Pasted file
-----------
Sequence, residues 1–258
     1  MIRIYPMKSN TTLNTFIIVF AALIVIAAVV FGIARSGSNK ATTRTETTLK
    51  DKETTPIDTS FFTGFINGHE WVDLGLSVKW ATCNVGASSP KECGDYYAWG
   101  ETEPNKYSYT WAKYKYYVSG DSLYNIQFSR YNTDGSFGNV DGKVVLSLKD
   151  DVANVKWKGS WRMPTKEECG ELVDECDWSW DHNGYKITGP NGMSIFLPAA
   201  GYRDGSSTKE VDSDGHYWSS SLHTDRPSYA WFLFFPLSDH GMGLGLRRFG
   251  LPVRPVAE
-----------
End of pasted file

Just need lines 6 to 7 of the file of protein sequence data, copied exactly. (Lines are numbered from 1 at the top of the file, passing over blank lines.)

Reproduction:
   201  GYRDGSSTKE VDSDGHYWSS SLHTDRPSYA WFLFFPLSDH GMGLGLRRFG
   251  LPVRPVAE